IN: Reviews

The Human Condition in Brookline


Jonathan MIller

“Our Human Condition,” Boston Artists Ensemble’s March 12th concert at St Paul’s Episcopal Church in Brookline, got underway with cellist Jonathan Miller, violinist Sharan Leventhal, and pianist Randall Hodgkinson, in Beethoven’s Trio op. 70 no 1, “Ghost.” The players took tight control of the wild ride that is the first movement, providing the dynamic contrasts and rhythmic articulation the composer demands, while conveying multiple moods with bravura success.

Jan Swafford states in his Beethoven biography that the slow movement (Largo assai ed expressive) “set the mark for weird and uncanny.” The songfulness of the violin, the shimmering of the piano and the weightiness of the cello made possible the ease with which drastically different ideas poured forth. After we hear the dominant motif one final time in the violin, repeated 64th notes in both strings accompany a long chromatic descent in the piano. Finally the three instruments poignantly agree that all is lost, and they end the piece quietly on the single tonic note.

The final movement of the Trio, Presto, returns us to “normalcy.” A jaunty four-measure theme and response more or less follows Classical sonata form. The three sailed effortlessly through this movement, trading places of prominence or accompaniment as the music required.

A “mystery” piano trio followed the Ghost. Audience members submitted their guesses as to composer, date or anything about the piece. Those who guessed correctly received free tickets to one of next year’s BAE concerts. The single movement possessed the grace and self-assuredness of the High Classical Era. What turned out to be Beethoven’s Allegretto for Piano Trio, WoO 39, composed for the ten-year-old daughter of one of his aristocratic patrons, constituted a perfect foil to the brooding intensity of the Ghost.

Ayano Ninomiya, first violin; and Stephanie Fong, viola joined the above three in the Shostakovich Piano Quintet. The first two movements, Prelude and Fugue, make a clear reference to Bach.  In the slow-paced Fugue, the string players maintained equilibrium throughout, each instrument showcasing its character while maintaining the phrasing and articulation of the fugue subject. We found the viola’s first entrance and two-thirds of the way through, the first violin’s final statement of the full subject exquisitely touching. Typical of Shostakovich was the juxtaposition of the lowest and highest available instrumental registers. Pianist Randall Hodgkinson reveled in the held low D sharp at the end of the movement. Transformation of the fugal subject leads away from the original material, but results in strong emotional impact.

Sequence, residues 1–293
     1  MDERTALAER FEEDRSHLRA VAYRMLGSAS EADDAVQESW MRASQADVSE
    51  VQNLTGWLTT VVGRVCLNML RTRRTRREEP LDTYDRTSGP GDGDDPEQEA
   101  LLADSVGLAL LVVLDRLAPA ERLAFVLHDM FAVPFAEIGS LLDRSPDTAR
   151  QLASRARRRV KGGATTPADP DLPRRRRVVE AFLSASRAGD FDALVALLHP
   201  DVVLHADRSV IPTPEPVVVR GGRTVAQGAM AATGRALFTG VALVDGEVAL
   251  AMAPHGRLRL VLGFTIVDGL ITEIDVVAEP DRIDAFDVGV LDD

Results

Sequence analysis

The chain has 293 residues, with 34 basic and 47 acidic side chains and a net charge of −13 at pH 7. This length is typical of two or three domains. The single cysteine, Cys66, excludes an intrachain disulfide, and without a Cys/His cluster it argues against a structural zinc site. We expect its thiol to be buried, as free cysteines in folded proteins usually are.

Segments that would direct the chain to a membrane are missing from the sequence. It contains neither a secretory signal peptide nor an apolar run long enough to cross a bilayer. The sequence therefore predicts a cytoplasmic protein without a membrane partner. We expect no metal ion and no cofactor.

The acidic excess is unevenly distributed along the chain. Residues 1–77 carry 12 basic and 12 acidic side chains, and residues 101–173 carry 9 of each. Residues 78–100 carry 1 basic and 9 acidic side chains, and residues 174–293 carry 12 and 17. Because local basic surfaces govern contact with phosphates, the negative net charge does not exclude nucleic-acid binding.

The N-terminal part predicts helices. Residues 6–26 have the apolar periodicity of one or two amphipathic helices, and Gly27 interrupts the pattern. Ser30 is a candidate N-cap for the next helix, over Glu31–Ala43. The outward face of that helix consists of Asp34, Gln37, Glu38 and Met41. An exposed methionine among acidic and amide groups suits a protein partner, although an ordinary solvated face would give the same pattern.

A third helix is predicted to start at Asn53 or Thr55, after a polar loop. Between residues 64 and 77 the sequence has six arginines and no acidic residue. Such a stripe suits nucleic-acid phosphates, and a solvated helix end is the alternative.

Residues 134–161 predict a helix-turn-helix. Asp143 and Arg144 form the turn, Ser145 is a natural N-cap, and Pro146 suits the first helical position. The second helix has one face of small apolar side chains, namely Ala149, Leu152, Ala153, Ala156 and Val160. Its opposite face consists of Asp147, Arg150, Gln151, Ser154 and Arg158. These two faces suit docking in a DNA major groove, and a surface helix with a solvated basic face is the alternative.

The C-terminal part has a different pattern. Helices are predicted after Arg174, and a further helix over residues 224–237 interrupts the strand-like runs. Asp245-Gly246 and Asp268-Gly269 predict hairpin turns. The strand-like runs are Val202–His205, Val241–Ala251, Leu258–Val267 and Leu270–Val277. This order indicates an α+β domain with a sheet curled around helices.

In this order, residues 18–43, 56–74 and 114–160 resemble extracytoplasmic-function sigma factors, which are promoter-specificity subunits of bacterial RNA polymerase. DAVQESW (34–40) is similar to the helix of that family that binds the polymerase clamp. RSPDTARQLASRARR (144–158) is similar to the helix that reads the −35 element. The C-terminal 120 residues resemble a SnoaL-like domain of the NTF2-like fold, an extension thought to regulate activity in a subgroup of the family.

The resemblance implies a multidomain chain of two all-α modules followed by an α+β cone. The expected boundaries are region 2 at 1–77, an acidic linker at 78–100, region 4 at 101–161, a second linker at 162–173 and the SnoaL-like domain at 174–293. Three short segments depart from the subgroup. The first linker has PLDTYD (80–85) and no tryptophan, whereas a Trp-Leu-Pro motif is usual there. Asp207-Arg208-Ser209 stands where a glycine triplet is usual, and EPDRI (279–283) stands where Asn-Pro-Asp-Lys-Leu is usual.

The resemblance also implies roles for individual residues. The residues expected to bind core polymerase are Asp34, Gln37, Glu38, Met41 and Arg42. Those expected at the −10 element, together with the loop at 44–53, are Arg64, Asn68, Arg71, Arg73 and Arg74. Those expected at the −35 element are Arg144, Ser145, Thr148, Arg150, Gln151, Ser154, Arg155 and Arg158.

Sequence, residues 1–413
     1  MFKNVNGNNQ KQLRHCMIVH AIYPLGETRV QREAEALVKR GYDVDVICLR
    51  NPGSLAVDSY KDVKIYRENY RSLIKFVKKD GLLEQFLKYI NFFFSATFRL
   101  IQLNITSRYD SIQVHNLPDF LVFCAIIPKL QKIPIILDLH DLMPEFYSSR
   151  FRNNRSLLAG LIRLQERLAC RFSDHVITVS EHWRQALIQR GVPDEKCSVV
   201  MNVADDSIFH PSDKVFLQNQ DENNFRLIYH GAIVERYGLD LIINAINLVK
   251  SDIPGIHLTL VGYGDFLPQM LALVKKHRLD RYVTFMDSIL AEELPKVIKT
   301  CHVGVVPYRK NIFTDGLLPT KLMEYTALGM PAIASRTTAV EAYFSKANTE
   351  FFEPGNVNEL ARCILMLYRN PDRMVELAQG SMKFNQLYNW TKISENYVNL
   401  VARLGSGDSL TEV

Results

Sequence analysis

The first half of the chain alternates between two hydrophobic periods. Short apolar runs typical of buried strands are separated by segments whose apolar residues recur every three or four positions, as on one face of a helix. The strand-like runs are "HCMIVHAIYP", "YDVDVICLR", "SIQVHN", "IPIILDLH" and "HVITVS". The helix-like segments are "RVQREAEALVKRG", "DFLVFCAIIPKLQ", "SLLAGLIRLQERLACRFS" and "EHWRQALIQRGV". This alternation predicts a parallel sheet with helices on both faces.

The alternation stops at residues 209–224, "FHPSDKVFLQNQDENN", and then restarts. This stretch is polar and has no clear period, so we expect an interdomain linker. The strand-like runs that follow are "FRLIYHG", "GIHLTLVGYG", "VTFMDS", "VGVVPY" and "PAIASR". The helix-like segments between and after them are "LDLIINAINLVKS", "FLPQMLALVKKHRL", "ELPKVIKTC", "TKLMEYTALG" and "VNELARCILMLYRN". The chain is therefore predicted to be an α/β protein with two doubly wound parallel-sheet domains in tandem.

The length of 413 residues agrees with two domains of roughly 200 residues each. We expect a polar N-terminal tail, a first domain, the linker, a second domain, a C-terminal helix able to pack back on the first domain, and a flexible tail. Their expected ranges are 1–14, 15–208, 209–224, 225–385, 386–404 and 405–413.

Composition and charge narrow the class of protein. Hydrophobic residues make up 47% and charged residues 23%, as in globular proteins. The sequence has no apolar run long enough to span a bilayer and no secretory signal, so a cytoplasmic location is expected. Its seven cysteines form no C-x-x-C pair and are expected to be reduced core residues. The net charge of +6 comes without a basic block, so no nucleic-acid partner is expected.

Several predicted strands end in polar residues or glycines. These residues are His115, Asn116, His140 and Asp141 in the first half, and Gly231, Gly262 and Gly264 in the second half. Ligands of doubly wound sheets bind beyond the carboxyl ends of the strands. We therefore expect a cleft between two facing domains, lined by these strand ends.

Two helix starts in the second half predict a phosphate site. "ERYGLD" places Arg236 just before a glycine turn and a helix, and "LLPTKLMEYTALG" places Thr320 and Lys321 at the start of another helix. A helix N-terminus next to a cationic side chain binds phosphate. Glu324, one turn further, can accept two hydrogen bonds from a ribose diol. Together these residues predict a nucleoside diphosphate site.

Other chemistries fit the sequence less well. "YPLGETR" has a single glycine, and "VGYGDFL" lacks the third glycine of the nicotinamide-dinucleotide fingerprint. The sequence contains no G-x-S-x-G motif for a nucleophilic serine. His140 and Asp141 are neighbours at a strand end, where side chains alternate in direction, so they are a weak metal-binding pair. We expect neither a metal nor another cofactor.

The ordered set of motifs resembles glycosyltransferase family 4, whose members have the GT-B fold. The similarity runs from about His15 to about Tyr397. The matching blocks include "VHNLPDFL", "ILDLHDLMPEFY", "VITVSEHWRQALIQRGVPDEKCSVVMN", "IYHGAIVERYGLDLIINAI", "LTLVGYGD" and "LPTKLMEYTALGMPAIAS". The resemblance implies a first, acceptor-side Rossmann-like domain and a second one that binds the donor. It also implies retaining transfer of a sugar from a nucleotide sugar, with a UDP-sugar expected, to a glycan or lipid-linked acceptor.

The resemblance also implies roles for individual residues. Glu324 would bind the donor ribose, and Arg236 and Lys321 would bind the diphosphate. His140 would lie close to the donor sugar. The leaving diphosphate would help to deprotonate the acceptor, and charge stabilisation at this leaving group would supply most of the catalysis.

Scherzo third movement starts off playfully with scalar motifs and repeated notes. The first violin brings in a folk theme that is tossed about with wild abandon. The piano provides comic relief with 16th-note flourishes. Somehow it all comes together with a final parade on the tonic. A slow Intermezzo, songful and relatively straightforward, allowed the audience to enjoy the individual strengths of each instrument. The Intermezzo ends at the extreme registers of the piano and violin.

A small number of musical elements define the Finale. One is a running 16th-note scale figure in the piano, heard first in m. 6. Another is a rising and falling figure in the violins.  The two act as foils for one another, and as in the first movement, the material naturally divides between piano and strings. After a triumphant march the original material returns. The dominant string motif forms the basis of a disarming and charming coda.

The repertoire fully embodied BAE’s concert title, “Our Human Condition.” Beethoven disclosed agony due to personal tragedy beyond his control. Shostakovich depicted the suffering of the individual at the hands of the totalitarian state, yet both knew that the bleak messages had to be tempered with some levity. The audience showed gratitude for the emotional richness of these works and the engaged and expert interpretations.

Retired medical biology researcher Dinah Bodkin is a serious amateur pianist and mother of Groupmuse founder Sam Bodkin.

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